In a May 2006 news release, AXA Art Insurance announced it was offering a $100,000 reward for credible information leading to the location, recovery and return of seven Milton Avery paintings that were reported missing while en route from Boca Raton, Fla., to New York. The driver and truck left Boca Raton for a routine delivery to New York but on April 20, 2006, the shipping company reported to the police that both driver and truck were missing.
In an interview with Insurance Journal, AXA Art CEO Christiane Fischer said the story ultimately had a happy ending, as the truck and the Milton Avery paintings, worth millions of dollars, were found unharmed.
However, Fischer said, the experience “was a nightmare story,” that offered another learning opportunity for the company.
The “story here was basically that the so-called fine art shipper had hired an individual without making a thorough background check,” Fischer said. “It turned out the individual he hired had a long … criminal record and didn’t even have a valid driver’s license, to add insult to injury. [The shipping company] had violated a number of things that you would not expect a fine art shipper to do.”
Fischer said the shipper did not report the incident properly, reporting only a missing persons report to the police before telling them that the truck contained a couple of millions of dollars of art.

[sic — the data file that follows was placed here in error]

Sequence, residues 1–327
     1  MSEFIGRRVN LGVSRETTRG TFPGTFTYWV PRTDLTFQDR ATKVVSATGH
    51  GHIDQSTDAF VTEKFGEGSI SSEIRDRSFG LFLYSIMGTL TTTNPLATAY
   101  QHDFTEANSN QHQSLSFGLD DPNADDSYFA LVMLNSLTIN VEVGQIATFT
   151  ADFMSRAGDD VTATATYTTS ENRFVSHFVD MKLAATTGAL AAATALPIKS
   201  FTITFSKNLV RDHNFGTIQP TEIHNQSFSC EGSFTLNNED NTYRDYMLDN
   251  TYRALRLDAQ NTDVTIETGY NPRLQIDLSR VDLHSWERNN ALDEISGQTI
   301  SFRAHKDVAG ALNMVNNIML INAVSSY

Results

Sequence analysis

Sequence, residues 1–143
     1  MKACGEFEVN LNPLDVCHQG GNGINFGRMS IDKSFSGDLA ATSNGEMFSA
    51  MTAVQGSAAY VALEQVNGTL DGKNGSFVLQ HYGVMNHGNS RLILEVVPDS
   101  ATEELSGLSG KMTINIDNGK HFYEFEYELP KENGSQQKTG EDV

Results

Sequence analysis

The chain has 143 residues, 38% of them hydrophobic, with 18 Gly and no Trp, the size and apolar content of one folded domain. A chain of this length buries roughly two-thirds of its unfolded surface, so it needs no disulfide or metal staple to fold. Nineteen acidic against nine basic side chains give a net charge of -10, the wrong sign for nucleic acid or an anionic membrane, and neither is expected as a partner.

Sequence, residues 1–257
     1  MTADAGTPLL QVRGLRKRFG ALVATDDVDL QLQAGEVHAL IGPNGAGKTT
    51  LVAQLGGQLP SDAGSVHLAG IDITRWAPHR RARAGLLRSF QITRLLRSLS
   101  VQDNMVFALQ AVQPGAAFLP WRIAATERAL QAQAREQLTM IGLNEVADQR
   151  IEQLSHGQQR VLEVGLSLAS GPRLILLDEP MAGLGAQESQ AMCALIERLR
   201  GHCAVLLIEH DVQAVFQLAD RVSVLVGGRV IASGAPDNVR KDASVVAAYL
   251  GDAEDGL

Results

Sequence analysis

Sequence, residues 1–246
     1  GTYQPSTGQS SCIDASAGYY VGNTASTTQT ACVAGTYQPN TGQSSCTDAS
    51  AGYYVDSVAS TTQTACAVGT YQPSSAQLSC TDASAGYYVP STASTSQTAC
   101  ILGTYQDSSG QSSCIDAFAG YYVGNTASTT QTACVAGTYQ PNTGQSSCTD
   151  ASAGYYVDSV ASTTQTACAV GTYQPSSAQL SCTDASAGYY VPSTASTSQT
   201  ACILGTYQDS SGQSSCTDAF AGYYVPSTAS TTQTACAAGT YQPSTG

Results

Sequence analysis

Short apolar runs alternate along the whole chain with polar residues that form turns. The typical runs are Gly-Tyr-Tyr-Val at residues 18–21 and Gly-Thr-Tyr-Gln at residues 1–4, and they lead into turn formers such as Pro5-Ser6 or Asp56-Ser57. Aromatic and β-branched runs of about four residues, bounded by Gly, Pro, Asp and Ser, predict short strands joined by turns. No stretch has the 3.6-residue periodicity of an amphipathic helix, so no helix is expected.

The company worked closely with law enforcement officials, including the FBI, which was the first to contact AXA Art about the missing artwork.
As it turned out, although neither the shipping company nor the truck rental firm knew it, the missing truck had a global positioning system in it. After a press release with details of the truck was issued, the company that had manufactured the GPS called the police and told them the truck was equipped with one. The truck and the suspect were then found in a trailer park in Gainesville, Fla.
Fischer said as a result of that experience her “new pet project” is a push for the development of standards in the art world and for people who handle art. She said she wants “to raise awareness that it’s crucial that people make sure that the people who they use for shipping, who they use for crating, who they use for storage are having the right facilities, are doing the right things, are having the right protocols in place and are having a real, solid set of standards” to which they adhere. For “a fine art shipping company that handles millions and millions of dollars to hire somebody without making sure that they are trustworthy and giving them a truck worth a couple of million dollars is not something that you would expect to happen,” Fischer said.